|Dr. Roland M. Nardone (l), professor emeritus at Catholic University, Dr. Francis Collins (c) and Bio-Trac Director Mark Nardone pause for a photo taken at a past FAES/NINR Summer Genetics Institute (SGI) program in which Collins, then director of NHGRI, was a presenter. SGI is one of the specialty programs with which the Bio-Trac program is involved.
What scientific enterprise conducted at NIH has trained nearly 14,000 scientists since its inception more than 25 years ago, yet remains little known?
The program is called Bio-Trac, which offers state-of the-art scientific workshops and accredited courses through the auspices of the Foundation for Advanced Education in the Sciences (FAES). Bio-Trac has been a leader in training today’s investigators as well as young scientists hoping to make science their vocation.
Conducted at a postgraduate level and offered to both NIH researchers and outside scientists as well as teachers and science students at all levels beyond elementary school, Bio-Trac’s 43 accredited courses include lectures and hands-on laboratory workshops in such areas as microscopy, proteomics and genomics. The courses typically last 3 to 5 days and instructors come from NIH or the outside research community, according to Mark Nardone, program director.
Approximately 85 percent of the program’s attendees are M.D.s or Ph.D.s and nearly two-thirds are from NIH; the remaining participants are from industry and academia. Successful completion of each course garners academic credit as well as a certificate from FAES.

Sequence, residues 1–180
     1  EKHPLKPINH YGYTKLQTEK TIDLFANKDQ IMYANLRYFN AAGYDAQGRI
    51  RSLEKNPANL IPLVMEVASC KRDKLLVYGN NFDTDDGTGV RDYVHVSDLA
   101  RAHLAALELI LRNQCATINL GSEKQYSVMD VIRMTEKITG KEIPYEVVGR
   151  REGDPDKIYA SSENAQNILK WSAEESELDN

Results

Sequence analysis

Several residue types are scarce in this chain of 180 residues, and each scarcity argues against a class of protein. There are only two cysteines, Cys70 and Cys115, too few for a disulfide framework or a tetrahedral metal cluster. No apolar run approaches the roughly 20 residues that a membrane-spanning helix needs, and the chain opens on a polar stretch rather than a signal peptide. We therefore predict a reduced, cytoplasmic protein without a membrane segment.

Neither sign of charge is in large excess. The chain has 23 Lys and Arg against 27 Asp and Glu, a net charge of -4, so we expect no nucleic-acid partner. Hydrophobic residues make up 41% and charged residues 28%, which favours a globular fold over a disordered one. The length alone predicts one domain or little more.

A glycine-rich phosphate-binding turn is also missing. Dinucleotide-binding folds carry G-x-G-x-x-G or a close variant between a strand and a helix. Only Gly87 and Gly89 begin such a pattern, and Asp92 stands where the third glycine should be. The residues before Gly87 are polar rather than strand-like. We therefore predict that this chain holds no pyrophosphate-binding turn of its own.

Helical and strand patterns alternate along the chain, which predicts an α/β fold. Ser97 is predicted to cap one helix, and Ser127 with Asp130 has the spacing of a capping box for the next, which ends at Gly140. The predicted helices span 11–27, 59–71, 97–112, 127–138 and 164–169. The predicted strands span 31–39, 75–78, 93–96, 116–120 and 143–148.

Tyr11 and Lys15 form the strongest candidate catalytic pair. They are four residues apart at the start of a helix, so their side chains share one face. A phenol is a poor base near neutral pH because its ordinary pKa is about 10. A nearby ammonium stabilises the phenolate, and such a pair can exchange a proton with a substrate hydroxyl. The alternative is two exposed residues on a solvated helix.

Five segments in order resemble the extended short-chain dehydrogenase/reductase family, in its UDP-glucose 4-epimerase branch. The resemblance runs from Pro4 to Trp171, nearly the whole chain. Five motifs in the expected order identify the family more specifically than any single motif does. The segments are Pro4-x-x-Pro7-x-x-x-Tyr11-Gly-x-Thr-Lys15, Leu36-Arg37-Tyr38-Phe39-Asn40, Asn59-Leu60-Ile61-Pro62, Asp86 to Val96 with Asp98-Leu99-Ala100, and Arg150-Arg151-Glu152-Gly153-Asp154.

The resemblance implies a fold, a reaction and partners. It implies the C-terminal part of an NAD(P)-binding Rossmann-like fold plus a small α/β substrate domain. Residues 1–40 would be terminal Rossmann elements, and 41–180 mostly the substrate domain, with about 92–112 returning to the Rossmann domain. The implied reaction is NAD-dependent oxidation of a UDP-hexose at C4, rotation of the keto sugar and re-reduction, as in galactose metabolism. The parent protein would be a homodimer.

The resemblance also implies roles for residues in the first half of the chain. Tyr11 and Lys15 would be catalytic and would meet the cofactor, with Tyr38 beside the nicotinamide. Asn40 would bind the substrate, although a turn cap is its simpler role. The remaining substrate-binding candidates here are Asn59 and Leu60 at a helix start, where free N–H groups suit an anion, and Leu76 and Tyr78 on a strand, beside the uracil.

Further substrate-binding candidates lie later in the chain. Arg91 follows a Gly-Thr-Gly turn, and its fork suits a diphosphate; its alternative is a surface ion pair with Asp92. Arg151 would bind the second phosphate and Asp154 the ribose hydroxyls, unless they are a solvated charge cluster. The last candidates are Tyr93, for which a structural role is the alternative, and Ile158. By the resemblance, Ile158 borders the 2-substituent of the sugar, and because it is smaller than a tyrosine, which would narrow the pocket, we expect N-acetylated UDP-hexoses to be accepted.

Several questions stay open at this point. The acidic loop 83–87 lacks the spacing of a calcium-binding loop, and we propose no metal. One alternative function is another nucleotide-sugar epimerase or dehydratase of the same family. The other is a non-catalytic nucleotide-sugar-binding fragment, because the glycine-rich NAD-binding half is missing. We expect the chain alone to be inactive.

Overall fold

While Bio-Trac came to be known as it is today in 1985, its earliest days date to the 1970s, when it budded from a series of EEO training programs and NIDDK-sponsored extramural training workshops.
The impetus for the program came, in large measure, at the hands of Dr. Roland M. Nardone, professor emeritus at Catholic University and father of the current Bio-Trac director. His expertise in cell biology prompted development of courses such as “Cell and Molecular Approaches to the Study of Cancer” and “Animal and Human Tissue Culture.” Assisting the elder Nardone in his pioneering efforts were NIDDK’s Drs. Lou Cohen, Earl Laurence and Freddie Brown.
While the early days involved only the training of active researchers, the current Bio-Trac protocol also includes outreach courses for teachers and collegians as well as middle and high school science students. For the past 18 years, Bio-Trac has trained college biology majors and their professors at historically black colleges and universities, Hispanic-serving institutions and schools serving Native Americans.
The earliest training facilities were vastly different from today’s, recalls Mark Nardone. “We had to squeeze the instructors and the participants into one tiny area pretty much the size of a shoebox,” he noted. Currently, Bio-Trac sessions are held in a modern laboratory in Bldg. 60.
“The courses taught in Bio-Trac can be very useful for scientists as they learn new research areas,” said NCI’s Dr. Attore Appella, who has taught sessions on such topics as protein purification and the cell cycle. “The lecturers are very open to questions, even long after the course has ended.
“The program is so unique,” he continued. “I know of no other comparable series that has been running for so long and instructed as many students, not only from NIH, but from institutions all around the world.”
Though classes are well attended, many NIH’ers remain in the dark about the program. “Bio-Trac remains probably the best kept secret on campus,” Nardone said.
For more information about it, visit www.biotrac. com.